A fast beginning, a slow midsection while “Cheyenne Harry” is mistakenly in jail, and a punch finish make for fair entertainment. Crooked promoters hiding out in ghost town shoot miner Earl Dwire who is carrying $10,000 and throw suspicion on Harry. Dave Sharpe is cast as a young deputy. Commodore picked up the Carey westerns where Ajax left off. Although Carey had played a character not unlike his Cheyenne Harry role which he’d essayed in silents for director John Ford, he wasn’t referred to specifically as Cheyenne Harry until two for Commodore (“Aces Wild” is the other). Although the films were still under the same production set-up as the Ajax four (William Berke producing, Harry Fraser directing, and writing too, under his Monroe Talbot alias), there was one other slight change, Harry’s horse Sonny was now billed as ‘Sonny, the Marvel Horse’ rather than ‘Sonny, the Wonder Horse’. Incidentally, although spelled “Sonny” in all advertising for the six Ajax and Commodore titles, Harry Carey Jr. says, “My father’s horse was Sunny, not Sonny, because his coat reminded my Dad of the Sun. Sunny died at John Ford’s Photo Farm in 1951 at 28. Dad didn’t share the horse with any other actors.” So, other horses named Sonny (ridden by Betty Miles, etc.) may look similar but are not Carey’s Sunny. Commodore, started by independent film distributor William Steiner, was formed to handle product for Reliable and Supreme. They also produced eight features of their own, four of them B-westerns, two with Carey and two with Fred Kohler Jr. The company lasted just less than a year.
LAST OUTLAW (‘36 RKO)
Harry Carey and Hoot Gibson reunited after their success with “Powdersmoke Range” for this whimsical, delightful modern-day western romp. Reformed old-time outlaw Carey has served 25 years in prison. Released into a modern day world, the leathery rascal finds he must adjust to the changes that have taken place. While he served his time, Dr. Frank Thomas has raised Carey’s daughter, Margaret Callahan, unbeknownst to her who her real father is. Carey looks up old sheriff Henry B. Walthall who originally jailed him and has now graciously arranged for his pardon. Carey also meets Gibson who becomes sweet on Margaret. When bank robbers (Tom Tyler and his gang) kill Dr. Thomas after he treats one of the gang, Carey, Gibson and Walthall employ old west methods to catch the modern day crooks. Laced with good humor as Carey gets used to big city life and modern day goings-on. The most amusing (and most honest) scene comes when Carey goes to a talking movie to see singing cowboy Larry Dixon (Fred Scott) which, curiously, led to Scott’s series later in ‘36 at Spectrum. Carey’s old pal John Ford contributed the original story. A must-see western.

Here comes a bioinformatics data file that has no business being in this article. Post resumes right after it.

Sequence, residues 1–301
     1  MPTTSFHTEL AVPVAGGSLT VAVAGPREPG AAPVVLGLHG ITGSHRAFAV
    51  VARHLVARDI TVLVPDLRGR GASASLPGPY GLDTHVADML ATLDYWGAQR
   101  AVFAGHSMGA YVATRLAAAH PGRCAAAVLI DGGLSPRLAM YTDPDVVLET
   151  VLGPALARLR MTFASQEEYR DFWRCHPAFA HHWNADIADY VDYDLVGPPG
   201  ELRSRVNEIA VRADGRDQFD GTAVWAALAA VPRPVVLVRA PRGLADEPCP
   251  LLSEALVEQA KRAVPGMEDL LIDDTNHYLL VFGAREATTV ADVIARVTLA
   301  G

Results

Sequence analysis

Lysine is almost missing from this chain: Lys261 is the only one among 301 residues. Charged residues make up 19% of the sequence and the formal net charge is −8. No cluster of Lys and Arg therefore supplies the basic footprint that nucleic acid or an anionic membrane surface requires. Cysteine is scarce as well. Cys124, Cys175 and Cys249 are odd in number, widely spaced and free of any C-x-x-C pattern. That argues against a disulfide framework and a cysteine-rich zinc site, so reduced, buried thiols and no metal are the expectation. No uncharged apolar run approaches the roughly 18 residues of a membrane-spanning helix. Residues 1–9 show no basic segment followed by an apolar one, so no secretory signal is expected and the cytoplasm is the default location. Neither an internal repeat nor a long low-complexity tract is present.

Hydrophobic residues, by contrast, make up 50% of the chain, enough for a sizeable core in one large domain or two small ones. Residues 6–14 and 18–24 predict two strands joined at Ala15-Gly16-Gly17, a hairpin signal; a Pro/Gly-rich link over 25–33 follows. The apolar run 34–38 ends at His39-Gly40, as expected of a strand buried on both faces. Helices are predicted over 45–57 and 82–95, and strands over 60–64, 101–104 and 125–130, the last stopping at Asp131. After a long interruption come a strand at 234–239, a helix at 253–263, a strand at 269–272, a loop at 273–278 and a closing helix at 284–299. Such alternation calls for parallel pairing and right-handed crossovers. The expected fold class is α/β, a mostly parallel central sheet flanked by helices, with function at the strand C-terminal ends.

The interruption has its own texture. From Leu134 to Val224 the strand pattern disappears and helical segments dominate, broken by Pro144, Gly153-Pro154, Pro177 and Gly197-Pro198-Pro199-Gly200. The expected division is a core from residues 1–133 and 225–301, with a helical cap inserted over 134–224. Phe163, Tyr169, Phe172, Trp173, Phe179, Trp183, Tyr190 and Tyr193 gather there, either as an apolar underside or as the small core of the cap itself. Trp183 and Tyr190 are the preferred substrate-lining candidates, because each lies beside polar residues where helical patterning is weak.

BORDER CAFÉ (‘37 RKO)
A variation on Gene Autry plot #102. After a disagreement with his father, Boston playboy John Beal comes west, spending his time drinking in a bar. Meanwhile, eastern gangsters organize some rustlers, selling the beef to an eastern syndicate. Good-natured rancher Carey helps reform Beal by letting the man pretend Carey’s ranch is his when Beal’s estranged parents decide to come west to see the ranch he’s written them about. Reckon RKO exec producer Samuel Briskin figured if this East-West/romantic mix-up formula was working for Gene Autry, then it oughta work for them. However, although the old Harry Carey charm is at play, the formula only seemed to work for Autry.
LAW WEST OF TOMBSTONE (‘38 RKO)
In this comic western, tall-tale telling old-time confidence man Carey finds his schemes won’t work in the big city of New York and returns to El Paso where, after a run-in with the law and three outlaw brothers, he is coerced into heading further west to capture the Tonto Kid (Tim Holt), a renown good-badman train robber. Things happen fast over the convoluted 72 minute running time as Carey locates his long-lost daughter and has himself appointed Mayor of a new railroad community. Holt falls in love with Carey’s daughter and ends up killing her outlaw fiancé, and Holt’s partner, Allan Lane.
Now 60, Harry Carey worked in supporting roles for the next 10 years. He was especially effective in “Shepherd of the Hills” (‘41), “The Spoilers” (‘42) and “Angel and the Badman” (‘47) all with John Wayne.